How to start a Stark County 4H Club?
What Is a 4-H Club?
A 4-H club is a place where young people and adults come together to do things that help them:
- Be what they want to be.
- Think and learn about what interests them most.
- Share how they feel about their activities and their lives in general.
- Do fun things that also help them learn more.
- Relate to peers and the adults in their lives in positive ways.
A 4-H Club Would Have:
- At least two members from two or more different families.
- One or more caring adult volunteers working with the members.
- A format in which youth members decide what the club does and how it operates. This can, but doesn’t have to be, done through club officers.
- A club program, planned by members, volunteers and parents that will help the group achieve their goals.
- Six or more meetings a year.
- Learning experiences that use the community.
- Ways to evaluate and recognize the growth and learning of those involved.
Are There Dues?
4-H clubs do not pay county, state or national membership dues at this time. A local club may decide to generate funds to meet club goals either through dues or fund-raising activities.
What Types of 4-H Clubs Can We Start?
Although all 4-H clubs include the basic elements listed above, there are two common club formats. Schools & Groups can also enroll for short term learning activities.
This type of club involves members of a variety of ages and interests. This club holds a general club meeting that may be held monthly throughout the year. Each member also is part of a project group or club that meets at other times to explore the specific project interests of the group. An administrative volunteer leader usually manages the club. This person provides support to the individual club and groups and to their volunteer leaders. Community clubs are formed within geographic areas, schools or housing communities.
The activities of this type of club focus on one project or interest area. All members participate in the same project or interest. Club meetings can be held on a regular basis, usually weekly or monthly.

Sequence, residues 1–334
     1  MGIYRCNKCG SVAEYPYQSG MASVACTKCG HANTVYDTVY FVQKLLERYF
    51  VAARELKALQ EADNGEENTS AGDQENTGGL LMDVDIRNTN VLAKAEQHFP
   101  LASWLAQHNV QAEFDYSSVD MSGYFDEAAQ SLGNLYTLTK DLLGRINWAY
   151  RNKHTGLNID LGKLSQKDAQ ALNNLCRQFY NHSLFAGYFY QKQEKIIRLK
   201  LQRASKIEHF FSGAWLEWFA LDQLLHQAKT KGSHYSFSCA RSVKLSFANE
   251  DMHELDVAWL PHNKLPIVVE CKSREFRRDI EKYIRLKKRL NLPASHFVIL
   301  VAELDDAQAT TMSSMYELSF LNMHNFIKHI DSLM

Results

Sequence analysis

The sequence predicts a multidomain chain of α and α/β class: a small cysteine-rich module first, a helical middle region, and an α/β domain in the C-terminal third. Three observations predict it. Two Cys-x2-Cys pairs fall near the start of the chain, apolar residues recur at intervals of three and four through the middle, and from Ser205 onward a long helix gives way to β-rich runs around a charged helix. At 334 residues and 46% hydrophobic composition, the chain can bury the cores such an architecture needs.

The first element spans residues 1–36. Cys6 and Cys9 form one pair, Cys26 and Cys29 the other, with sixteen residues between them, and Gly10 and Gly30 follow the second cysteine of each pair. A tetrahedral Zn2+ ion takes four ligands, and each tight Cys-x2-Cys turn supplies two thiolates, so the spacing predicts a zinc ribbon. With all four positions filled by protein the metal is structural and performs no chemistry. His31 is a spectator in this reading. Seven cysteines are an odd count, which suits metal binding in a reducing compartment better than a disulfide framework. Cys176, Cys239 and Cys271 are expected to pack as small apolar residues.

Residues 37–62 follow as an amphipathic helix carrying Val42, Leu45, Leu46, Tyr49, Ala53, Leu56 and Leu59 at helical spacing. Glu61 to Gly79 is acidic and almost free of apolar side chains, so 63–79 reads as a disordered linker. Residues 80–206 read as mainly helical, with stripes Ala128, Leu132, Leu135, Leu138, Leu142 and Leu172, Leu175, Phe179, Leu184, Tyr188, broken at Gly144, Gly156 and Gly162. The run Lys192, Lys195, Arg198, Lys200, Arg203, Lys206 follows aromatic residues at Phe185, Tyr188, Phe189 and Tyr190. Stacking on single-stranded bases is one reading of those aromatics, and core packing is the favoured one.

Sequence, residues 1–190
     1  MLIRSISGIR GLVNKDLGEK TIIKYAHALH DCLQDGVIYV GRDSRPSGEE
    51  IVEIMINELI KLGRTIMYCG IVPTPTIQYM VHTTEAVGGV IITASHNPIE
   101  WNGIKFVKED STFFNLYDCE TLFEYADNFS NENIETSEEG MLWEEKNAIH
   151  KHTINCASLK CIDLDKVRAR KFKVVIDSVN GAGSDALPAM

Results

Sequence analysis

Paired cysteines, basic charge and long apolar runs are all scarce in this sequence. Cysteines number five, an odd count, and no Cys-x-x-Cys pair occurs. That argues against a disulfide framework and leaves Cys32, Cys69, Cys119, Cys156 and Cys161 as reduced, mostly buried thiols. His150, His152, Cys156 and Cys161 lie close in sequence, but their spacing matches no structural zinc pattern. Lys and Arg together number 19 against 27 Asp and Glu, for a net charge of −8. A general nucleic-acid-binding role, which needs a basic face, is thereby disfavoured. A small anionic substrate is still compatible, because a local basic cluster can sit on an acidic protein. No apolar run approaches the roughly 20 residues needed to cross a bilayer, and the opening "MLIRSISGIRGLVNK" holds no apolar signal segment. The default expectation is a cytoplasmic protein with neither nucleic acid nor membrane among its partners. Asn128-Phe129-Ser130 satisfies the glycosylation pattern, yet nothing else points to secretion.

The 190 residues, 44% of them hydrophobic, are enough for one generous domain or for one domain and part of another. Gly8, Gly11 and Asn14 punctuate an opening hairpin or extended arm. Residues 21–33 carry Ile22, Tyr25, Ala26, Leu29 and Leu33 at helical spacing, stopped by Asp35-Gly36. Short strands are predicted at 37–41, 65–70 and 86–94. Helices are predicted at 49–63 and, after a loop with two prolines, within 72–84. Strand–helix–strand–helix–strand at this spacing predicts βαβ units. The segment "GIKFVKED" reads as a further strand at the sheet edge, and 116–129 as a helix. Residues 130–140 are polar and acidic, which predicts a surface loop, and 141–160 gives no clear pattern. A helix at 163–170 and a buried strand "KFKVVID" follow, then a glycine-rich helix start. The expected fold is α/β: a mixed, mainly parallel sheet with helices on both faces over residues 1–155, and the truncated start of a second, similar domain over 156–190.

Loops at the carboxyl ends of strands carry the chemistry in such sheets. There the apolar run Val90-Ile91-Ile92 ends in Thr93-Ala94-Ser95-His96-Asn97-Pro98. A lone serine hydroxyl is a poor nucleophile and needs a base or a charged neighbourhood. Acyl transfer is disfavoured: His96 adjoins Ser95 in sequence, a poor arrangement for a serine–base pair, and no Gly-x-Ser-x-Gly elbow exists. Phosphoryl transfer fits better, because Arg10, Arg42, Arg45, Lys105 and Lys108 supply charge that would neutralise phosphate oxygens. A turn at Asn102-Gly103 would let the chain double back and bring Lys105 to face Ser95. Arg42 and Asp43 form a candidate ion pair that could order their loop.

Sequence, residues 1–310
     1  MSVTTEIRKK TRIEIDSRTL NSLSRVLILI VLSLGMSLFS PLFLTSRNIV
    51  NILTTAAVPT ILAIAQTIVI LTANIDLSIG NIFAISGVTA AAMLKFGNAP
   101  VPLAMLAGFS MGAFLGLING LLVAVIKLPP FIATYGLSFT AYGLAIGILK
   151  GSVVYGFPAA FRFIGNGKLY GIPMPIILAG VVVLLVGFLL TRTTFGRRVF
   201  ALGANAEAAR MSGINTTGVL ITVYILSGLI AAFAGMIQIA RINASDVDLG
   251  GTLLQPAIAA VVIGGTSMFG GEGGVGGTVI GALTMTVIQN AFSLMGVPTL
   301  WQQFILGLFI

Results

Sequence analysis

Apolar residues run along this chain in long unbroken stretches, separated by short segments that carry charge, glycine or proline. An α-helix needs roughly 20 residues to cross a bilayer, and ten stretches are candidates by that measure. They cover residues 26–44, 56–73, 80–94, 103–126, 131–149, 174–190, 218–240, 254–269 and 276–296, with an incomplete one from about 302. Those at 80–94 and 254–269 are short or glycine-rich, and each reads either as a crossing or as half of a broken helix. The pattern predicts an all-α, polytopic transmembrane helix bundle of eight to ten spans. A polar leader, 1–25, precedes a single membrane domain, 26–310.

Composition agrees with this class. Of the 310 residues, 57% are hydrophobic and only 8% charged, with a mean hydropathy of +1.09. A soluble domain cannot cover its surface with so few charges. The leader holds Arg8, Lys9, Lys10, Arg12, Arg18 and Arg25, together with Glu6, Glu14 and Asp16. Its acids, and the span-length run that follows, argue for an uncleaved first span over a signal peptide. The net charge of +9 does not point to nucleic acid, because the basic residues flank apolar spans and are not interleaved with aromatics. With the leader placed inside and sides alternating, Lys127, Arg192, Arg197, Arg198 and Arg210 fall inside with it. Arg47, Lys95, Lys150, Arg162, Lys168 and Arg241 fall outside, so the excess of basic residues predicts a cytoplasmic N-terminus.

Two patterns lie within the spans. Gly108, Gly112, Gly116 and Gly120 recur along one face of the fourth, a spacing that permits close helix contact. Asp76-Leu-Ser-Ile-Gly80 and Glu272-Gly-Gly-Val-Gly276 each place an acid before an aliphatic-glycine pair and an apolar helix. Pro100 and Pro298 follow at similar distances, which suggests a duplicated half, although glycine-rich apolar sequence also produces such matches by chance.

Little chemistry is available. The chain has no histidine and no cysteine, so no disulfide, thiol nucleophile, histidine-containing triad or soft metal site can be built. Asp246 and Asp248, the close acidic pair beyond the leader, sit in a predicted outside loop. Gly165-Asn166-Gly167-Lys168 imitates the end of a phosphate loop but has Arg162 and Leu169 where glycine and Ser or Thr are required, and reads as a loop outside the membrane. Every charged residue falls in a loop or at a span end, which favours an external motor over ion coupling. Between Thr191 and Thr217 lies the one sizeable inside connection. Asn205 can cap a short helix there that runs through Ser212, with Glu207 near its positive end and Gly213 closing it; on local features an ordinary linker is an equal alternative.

What Do I Need to Do to Start My Club?
Once you’ve recruited your adult and youth members, contact the Stark County, OSU Extension Office to find out how to register your new 4-H club. Stark County 4-H members and clubs can join any time of the year. Annually, March 15 is the deadline to join to participate in county & state judging and fairs. Volunteers who work with youth in 4-H are required to go through the OSU Volunteer Selection Process before engaging in direct, ongoing and unsupervised work with young people. This includes a volunteer application, references checked, a finger print back ground check, an interview and volunteer training.
4-H Ethics Guidelines
- “Know all the facts.” Make sure you have all the facts and information!
- Is the action legal? If the answer is “No”, go no further.
- Does it comply with organizational policy? If the answer is “No”, there is probably a good reason not to take the action. If you still feel the action is right, ask for advice.
- Are you (or the other party) expecting something inappropriate or inconsistent with organization policy, practice, etc. because of this action? If you are taking this action for material gain, it is probably not ethical. Make sure the action you are taking is to build a relationship with no strings attached and not for personal gain.
- Who will be impacted by the decision? Will people be positively or negatively impacted by your decision?
- How will it look if the decision is made public? If you would be ashamed to see a written account of this action in the newspaper, don’t do it.
- Could the action be interpreted as improper? If this action could be perceived as unethical and you may have to explain your actions, either don’t do it or ask for advice.
- If you get this far and still are concerned or unsure, ask for help.
- If it’s wrong, don’t do it.
- If the action clearly breaks company policy and society’s values, don’t do it.
- If you don’t know, ask
If you have an ethical issue, ask your advisor or other leadership for advice until you get an answer (Chapman, 2003, p. 51-53).
Reference: Chapman, K. (2003). The leader’s code: a people-sense guide to leadership. New York: Universe. Inc.